It's time the Government did more to dampen house price inflation, say 70 per cent of NZ chief executives.

They are concerned that owning a house is becoming out of reach for younger people.

These concerns are highlighted in the Herald's annual Mood of the Boardroom CEO survey, published today, which collected information from more than 100 business leaders throughout the country.


Housing was one of the group's main concerns, with 72 per cent saying they were concerned that younger New Zealanders were being priced out of Auckland's residential market. Lack of supply was ranked as the most significant factor behind soaring house prices, followed by increased immigration, low interest rates, domestic speculation and foreign investment.

Bill English speaks at the Mood of the Boardroom event held at the Langham Hotel this morning. Photo / Michael Craig
Bill English speaks at the Mood of the Boardroom event held at the Langham Hotel this morning. Photo / Michael Craig

"This [inflation] is putting pressure on business and social outcomes, and banks are now required to hold increased capital due to the risk of housing market correction," said a media chief executive. "This cost is being passed on to business."

Housing affordability was ranked the third most important domestic issue affecting business confidence, behind Auckland growth pressures and infrastructure.

On average, executives ranked housing affordability 6.69 out of 10, on a scale where where 10 was extremely concerning.

Chris Gudgeon, chief executive of Kiwi Property, said the Government had lost sight of the crucial social role played by affordable housing, saying it had been "lazy, naive and negligent".

Just more than 80 per cent of the CEOs want to see satellite cities and towns built to ease the pressure; 74 per cent say they believe immigration should be better targeted; and most say the Government should fund a major affordable housing programme in Auckland.

Among other findings, the survey also reveals that concern about corporate tax avoidance has moved into the mainstream, with 74 per cent of those surveyed saying multinationals aren't paying their fair share of tax. Digital businesses including Google, Facebook and Apple were flagged as raising concern.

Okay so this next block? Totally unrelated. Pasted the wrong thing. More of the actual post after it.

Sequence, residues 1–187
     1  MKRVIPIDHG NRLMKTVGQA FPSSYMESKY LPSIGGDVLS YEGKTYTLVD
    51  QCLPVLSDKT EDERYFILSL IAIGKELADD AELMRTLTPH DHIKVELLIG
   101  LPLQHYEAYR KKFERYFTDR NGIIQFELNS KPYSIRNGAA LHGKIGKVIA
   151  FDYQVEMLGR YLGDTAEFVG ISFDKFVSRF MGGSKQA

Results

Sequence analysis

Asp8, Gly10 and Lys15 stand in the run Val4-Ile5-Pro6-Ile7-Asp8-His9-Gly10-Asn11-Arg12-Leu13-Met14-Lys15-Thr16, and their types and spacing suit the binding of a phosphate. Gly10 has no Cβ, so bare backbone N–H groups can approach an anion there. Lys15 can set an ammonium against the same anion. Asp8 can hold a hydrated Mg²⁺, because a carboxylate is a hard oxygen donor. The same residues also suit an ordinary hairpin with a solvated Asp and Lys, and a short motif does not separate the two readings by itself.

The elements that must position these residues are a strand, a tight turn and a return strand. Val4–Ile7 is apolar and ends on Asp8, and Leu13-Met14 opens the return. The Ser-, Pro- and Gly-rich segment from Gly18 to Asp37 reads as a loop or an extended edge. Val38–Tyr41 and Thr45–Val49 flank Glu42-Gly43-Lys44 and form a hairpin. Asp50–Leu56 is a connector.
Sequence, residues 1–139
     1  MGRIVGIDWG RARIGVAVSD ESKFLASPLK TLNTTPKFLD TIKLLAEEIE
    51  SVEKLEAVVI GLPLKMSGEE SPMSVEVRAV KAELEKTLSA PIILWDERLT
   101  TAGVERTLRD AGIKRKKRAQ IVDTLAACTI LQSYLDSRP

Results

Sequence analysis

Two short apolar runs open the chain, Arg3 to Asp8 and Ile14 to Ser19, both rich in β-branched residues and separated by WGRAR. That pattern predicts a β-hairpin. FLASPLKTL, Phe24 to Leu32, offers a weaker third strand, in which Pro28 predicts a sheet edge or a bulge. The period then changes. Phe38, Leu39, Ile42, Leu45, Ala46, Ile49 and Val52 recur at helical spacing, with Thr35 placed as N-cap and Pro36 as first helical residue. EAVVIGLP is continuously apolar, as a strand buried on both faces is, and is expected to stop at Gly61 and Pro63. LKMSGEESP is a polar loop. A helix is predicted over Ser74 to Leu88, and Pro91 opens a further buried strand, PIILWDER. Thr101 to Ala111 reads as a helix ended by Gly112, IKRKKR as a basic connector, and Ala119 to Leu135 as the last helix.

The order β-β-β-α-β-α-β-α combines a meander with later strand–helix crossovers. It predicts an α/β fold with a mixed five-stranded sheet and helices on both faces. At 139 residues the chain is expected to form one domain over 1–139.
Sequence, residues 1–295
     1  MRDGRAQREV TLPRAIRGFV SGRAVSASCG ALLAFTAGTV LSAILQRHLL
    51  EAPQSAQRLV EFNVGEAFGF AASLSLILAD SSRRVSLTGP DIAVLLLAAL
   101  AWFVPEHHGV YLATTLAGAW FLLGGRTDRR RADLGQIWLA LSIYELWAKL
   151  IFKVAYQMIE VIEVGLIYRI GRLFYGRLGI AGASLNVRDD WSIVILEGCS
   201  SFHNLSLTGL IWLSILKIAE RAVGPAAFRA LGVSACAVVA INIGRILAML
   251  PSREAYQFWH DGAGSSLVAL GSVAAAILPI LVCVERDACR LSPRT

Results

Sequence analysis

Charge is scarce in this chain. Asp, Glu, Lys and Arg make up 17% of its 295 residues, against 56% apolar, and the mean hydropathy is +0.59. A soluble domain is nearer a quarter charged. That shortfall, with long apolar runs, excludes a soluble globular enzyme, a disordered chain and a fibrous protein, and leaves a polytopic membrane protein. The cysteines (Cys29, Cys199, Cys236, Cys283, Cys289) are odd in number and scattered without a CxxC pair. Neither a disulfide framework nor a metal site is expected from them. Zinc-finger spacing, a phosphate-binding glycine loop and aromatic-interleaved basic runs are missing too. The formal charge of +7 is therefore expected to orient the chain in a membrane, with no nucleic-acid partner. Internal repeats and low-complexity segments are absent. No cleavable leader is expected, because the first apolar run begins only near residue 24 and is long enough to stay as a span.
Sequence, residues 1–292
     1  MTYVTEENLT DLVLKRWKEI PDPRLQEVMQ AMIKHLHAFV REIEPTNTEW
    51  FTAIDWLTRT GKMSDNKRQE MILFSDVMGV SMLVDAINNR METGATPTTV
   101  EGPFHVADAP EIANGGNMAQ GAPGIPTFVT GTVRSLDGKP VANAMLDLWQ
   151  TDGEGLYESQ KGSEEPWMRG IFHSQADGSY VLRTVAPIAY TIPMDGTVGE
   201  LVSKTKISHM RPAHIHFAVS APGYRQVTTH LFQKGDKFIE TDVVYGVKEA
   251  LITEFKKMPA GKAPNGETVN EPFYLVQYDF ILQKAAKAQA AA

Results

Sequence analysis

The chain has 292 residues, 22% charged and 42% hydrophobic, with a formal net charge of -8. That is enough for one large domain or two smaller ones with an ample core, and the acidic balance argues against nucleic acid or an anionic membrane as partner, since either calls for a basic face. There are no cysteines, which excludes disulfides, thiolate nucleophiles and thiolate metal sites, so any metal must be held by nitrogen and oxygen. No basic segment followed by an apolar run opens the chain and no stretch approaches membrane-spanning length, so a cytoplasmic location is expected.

The issue gained national traction in March, when a Herald investigation into tax avoidance by offshore companies found 20 multinationals with combined revenue of $10 billion had paid just $1.8 million in corporate income tax.


In the survey, Sam Stubbs, chief executive of KiwiSaver start-up Simplicity, said ignoring concerns was not an option.

"The concentration of wealth has an unintended impact of perpetuating an underclass in New Zealand," Stubbs said. "This is not the New Zealand way and will bite us eventually. The rich get richer, the poor get the picture - and the pitchforks."

On raising New Zealand's economic performance, 66 per cent of the CEOs said they thought the Government had a co-ordinated plan of action. Overall, executives rated confidence in their own industry as 3.34 out of 5, confidence in the NZ economy 3.41 out of 5 and the global economy 2.57 out of 5.

Another of the survey's findings was a widespread belief that business leaders should take a stance on matters of political importance, with most of the surveyed executives supporting that idea.